In Memoriam A.H.H. by Alfred, Lord Tennyson

I just finished Alfred, Lord Tennyson’s most famous poems, In Memoriam A.H.H. This poem was a poem written in memory of his dead friend, Arthur, who was also a poet. This poem takes us through the struggle with grief: generally, starting out in dark grief, ending in hopeful anguish. It is a long poem at 131 cantos, along with an introductory canto and a concluding canto. It took me a while, but it is a beautiful poem that explores, grief, love, and death deeply. I read this without notes, commentary, or a companion, which has its advantages and disadvantages. As a result, I don’t have some big message about what Tennyson is saying, I merely will quote my favorite canto:

CVI

Ring out, wild bells, to the wild sky,

The flying cloud, the frosty light:

The year is dying in the night;

Ring out, wild bells, and let him die.

Ring out the old, ring in the new,

Ring, happy bells, across the snow:

The year is going, let him go;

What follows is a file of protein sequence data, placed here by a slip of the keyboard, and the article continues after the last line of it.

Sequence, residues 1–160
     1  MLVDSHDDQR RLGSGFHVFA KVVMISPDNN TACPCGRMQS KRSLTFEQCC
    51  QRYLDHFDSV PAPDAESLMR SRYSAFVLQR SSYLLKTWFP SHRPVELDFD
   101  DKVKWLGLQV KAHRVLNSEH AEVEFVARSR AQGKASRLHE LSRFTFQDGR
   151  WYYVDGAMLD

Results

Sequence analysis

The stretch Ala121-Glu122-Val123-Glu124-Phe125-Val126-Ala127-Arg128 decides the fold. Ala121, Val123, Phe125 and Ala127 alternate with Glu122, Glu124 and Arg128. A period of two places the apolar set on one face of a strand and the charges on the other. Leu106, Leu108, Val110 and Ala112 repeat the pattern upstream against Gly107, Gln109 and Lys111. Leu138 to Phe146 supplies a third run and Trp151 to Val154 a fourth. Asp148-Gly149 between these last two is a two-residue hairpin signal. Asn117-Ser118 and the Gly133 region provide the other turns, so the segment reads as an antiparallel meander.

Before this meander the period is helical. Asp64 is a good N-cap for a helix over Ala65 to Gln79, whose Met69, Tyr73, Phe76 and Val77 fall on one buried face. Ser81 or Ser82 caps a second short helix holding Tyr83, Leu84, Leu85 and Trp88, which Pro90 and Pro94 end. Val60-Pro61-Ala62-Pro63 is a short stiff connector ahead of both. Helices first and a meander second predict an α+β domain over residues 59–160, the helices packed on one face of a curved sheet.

Ring out the false, ring in the true.

Ring out the grief that saps the mind,

For those that here we see no more;

Ring out the feud of rich and poor,

Ring in redress to all mankind.

Ring out  slowly dying cause,

And ancient forms of party strife;

Ring in the nobler modes of life,

With sweeter manners, purer laws.

Ring out the want, the care, the sin,

The faithless coldness of the times;

Ring out, ring out my mournful rhymes,

But ring the fuller minstrel in.

Ring out false pride in place and blood,

The civic slander and the spite;

Ring in the love of truth and right

Ring in the common love of good.

Ring out old shapes of foul disease;

Ring out the narrowing of lust of gold;

Ring out the thousand wars of old,

Ring in the thousand years of peace.

Ring in the valiant man and free,

The larger heart, the kindlier hand;

Ring out the darkness of the land,

Ring in the Christ that is to be.

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